CNBC recently reported that home construction weakened in March even as sentiment among builders remained high, but what’s more interesting is a quote from a Goldman Sachs report further down.
“Our analysis of payroll growth and wage inflation data suggests that labor shortages may not be to blame for the mediocre level of housing activity,” analysts wrote in a Goldman report. “We find that, on the one hand, the construction sector has experienced the largest job growth over the past year.”
Construction growth has led all other sectors at 5%, according to the Bureau of Labor Statistics, but average hourly earnings in construction gained only 2.2% over the past year, which is about the national average.
Still, Goldman’s pronouncement that there’s simply no construction labor shortage anymore very much runs the opposite of what the industry has claimed for years. The numbers only tell half of the story because a lack of skilled labor is what plagues most construction sites.
Nearly 70% of home builders surveyed by the National Association of Homebuilders last June reported a shortage of carpenters, for example, up from 63% in 2014. And in a July survey by the Associated General Contractors of America, 86% of commercial builders said they’re having trouble filling hourly or salaried positions, up from 83% last year.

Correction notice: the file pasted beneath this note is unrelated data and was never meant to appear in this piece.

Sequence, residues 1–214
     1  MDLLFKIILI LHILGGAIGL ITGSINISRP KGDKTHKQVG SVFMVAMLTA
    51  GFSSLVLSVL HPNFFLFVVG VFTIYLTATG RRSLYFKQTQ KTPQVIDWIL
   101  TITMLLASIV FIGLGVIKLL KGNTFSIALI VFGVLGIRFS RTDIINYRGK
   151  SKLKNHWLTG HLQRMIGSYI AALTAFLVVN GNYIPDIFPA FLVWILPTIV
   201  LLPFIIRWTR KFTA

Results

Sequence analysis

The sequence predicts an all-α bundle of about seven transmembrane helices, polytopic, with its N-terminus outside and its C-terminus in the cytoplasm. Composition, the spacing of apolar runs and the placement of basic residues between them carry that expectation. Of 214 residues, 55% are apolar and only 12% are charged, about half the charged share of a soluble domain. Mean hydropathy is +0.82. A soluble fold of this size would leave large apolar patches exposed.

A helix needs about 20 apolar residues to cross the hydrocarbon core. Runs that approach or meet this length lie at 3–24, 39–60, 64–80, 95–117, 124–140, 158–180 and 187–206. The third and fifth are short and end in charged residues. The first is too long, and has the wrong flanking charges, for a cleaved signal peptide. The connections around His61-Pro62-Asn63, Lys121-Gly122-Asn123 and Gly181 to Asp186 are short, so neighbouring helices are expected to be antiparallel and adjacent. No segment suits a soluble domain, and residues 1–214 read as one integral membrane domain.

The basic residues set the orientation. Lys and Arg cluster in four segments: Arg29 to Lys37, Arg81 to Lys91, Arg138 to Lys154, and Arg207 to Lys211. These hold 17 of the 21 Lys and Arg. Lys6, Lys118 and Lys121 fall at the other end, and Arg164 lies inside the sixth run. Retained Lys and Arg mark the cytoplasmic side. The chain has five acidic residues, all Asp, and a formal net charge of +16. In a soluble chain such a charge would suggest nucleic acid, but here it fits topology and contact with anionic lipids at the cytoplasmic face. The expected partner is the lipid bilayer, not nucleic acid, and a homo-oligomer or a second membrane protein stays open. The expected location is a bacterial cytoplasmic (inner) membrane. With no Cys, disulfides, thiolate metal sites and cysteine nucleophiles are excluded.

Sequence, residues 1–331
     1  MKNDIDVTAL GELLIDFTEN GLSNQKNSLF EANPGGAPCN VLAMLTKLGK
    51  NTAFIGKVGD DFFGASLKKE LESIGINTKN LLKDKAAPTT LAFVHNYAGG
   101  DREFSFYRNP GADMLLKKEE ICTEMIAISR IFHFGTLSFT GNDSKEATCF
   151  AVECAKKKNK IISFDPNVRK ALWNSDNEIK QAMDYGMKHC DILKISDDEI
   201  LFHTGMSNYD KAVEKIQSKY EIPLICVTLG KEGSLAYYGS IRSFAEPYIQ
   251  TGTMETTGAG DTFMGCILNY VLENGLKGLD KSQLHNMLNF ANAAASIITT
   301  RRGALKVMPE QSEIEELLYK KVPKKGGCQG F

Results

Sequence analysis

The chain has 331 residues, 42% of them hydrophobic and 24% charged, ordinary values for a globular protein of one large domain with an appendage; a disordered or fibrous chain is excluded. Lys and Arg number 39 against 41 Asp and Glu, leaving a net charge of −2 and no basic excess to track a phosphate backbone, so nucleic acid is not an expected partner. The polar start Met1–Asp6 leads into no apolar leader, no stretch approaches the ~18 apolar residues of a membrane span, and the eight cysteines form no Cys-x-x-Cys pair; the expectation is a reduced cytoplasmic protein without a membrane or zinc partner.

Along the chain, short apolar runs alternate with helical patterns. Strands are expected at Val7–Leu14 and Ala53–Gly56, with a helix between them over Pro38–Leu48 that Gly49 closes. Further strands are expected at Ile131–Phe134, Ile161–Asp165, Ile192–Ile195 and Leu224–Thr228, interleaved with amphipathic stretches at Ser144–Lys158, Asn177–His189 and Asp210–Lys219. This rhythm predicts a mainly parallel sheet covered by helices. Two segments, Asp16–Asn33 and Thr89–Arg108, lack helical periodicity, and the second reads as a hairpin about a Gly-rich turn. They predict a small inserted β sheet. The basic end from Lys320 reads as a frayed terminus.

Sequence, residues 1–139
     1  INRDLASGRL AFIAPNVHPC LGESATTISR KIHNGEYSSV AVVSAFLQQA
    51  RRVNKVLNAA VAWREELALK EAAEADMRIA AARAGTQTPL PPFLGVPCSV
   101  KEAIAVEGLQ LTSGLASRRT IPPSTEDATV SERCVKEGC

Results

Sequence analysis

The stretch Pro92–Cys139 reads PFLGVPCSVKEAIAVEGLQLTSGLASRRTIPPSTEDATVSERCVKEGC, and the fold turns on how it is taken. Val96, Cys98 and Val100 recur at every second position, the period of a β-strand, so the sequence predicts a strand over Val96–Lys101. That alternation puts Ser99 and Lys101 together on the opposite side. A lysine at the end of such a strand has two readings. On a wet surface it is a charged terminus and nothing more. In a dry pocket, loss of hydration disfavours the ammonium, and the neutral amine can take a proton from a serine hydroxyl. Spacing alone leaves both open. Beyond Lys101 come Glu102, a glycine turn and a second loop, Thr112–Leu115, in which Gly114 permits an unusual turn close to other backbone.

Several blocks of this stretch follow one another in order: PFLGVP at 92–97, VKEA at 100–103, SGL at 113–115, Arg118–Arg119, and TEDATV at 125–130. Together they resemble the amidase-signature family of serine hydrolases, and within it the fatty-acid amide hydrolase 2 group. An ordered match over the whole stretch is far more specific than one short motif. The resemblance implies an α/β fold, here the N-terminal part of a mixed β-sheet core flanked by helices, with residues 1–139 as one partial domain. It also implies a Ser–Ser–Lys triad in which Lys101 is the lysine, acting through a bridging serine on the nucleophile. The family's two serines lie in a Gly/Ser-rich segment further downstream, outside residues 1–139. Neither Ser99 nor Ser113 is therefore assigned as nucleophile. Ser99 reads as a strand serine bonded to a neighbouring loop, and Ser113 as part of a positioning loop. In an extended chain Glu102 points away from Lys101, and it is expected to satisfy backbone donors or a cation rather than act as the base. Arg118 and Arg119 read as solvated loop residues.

This may not look like it affects the bottom line to Goldman-Sachs, but it certainly does when only carpenters, iron workers or electricians can move your project along.
Many high schools have phased out shop classes and parents increasingly have steered graduates to four-year colleges and white-collar careers. The Home Builders Institute, which does training, and local home builders groups, recently rolled out more instruction programs but it takes at least 12 to 18 months for a new recruit to become a productive worker. That’s why pay increases had reached as high as 2.6% last year before falling back down to around the national average that Goldman cited. It’s likely a small rest in the rate of increase rather than a full stop, as unfilled job openings in the construction industry have risen steadily since 2009.
So, while I respect Goldman Sachs and its analysts’ learned opinions, I’m not ready to bless this report’s findings and call the skilled construction labor shortage over. Mike Rowe may have to fill all of the dirty jobs that are still out there before that happens.